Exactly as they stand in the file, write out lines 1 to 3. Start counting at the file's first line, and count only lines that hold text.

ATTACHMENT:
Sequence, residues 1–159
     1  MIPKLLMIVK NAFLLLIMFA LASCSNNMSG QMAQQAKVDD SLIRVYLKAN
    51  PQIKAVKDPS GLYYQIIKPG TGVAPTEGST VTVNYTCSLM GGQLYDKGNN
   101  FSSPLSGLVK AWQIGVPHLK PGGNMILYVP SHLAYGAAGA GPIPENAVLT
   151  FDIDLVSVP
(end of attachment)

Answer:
Sequence, residues 1–159
     1  MIPKLLMIVK NAFLLLIMFA LASCSNNMSG QMAQQAKVDD SLIRVYLKAN
    51  PQIKAVKDPS GLYYQIIKPG TGVAPTEGST VTVNYTCSLM GGQLYDKGNN